Meta Platforms, the company that has Facebook and Instagram in its portfolio, deleted more than 7,700 accounts and 930 pages from Facebook, which were part of a disinformation network of China, which affects the Uyghur population, reports CNBC, taken by News. ro.
The company described China’s disinformation campaign as “the largest known multi-platform covert influence operation in the world”.
The network generated positive posts about China, with a particular focus on positive comments about China’s Xinjiang province, where the government’s treatment of the Uyghur minority group has prompted international sanctions.
The network also tried to spread negative comments about the US and misinformation in several languages about the origins of the Covid-19 pandemic, Meta said.
The network has been or is present on nearly all popular social media platforms, including Medium, Reddit, Tumblr, YouTube, and X, formerly known as Twitter, according to the company.
Meta began looking for signs of a Chinese influence operation on its own platforms after reports in 2022 highlighted how a disinformation campaign linked to the Chinese government targeted a human rights NGO.
“These operations are big, but they’re clumsy, and what we’re not seeing is a real sign that they’re building genuine audiences on our platform or elsewhere on the Internet,” said Meta’s global leader for threat intelligence, Ben Nimmo.
Meta researchers were able to connect this latest disinformation network to an earlier influencer campaign from 2019, codenamed Spamouflage.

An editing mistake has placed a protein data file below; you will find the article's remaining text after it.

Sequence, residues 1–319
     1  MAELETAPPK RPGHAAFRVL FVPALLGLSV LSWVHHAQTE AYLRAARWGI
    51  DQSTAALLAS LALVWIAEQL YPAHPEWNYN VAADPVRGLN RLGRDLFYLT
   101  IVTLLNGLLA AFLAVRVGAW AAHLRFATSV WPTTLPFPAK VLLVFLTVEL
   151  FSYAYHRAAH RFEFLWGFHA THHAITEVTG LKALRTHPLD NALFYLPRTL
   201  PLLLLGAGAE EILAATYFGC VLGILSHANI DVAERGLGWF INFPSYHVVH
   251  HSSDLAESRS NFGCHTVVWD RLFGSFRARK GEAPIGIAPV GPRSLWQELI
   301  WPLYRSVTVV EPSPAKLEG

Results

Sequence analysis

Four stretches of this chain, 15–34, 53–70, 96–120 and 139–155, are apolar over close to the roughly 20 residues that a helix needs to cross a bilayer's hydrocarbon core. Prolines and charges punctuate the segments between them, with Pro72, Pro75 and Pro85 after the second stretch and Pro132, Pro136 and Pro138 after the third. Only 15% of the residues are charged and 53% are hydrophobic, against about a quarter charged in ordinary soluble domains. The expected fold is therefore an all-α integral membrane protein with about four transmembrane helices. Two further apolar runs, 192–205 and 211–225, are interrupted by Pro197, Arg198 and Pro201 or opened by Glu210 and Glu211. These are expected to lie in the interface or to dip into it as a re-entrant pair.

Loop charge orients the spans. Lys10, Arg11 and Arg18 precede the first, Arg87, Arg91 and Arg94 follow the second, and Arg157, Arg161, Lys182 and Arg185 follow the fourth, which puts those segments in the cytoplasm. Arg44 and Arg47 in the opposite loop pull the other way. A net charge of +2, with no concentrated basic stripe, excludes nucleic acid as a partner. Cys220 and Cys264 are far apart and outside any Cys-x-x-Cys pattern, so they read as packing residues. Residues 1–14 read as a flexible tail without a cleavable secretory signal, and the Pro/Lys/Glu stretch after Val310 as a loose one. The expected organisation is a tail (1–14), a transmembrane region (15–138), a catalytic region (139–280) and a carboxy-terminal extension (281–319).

“Taken together, we assess that Spamouflage is the largest multi-platform covert influence operation known to date. Although the people behind this activity tried to hide their identities and coordination, our investigation found links to people associated with Chinese law enforcement,” Meta said in its quarterly threat report.
Meta also identified and disrupted other operations and published a more detailed analysis of a Russian disinformation campaign it identified shortly after the start of the 2022 war in Ukraine.
The disruptions come ahead of what is likely to be a contentious election cycle.
Concerns about the role of influence campaigns in past elections have led social media platforms, including Meta, to institute stricter guidelines on both the type of political content allowed and the tags they attach to that content.
Influencer campaigns have affected Meta users in the past, most notably the Cambridge Analytica scandal of 2016.
But this disinformation network, while prolific, has not been effective, Meta cybersecurity executives said in a news conference call. The campaign pages together had more than 500,000 followers, most of whom were inauthentic and from Bangladesh, Brazil and Vietnam.
Editor : M.I.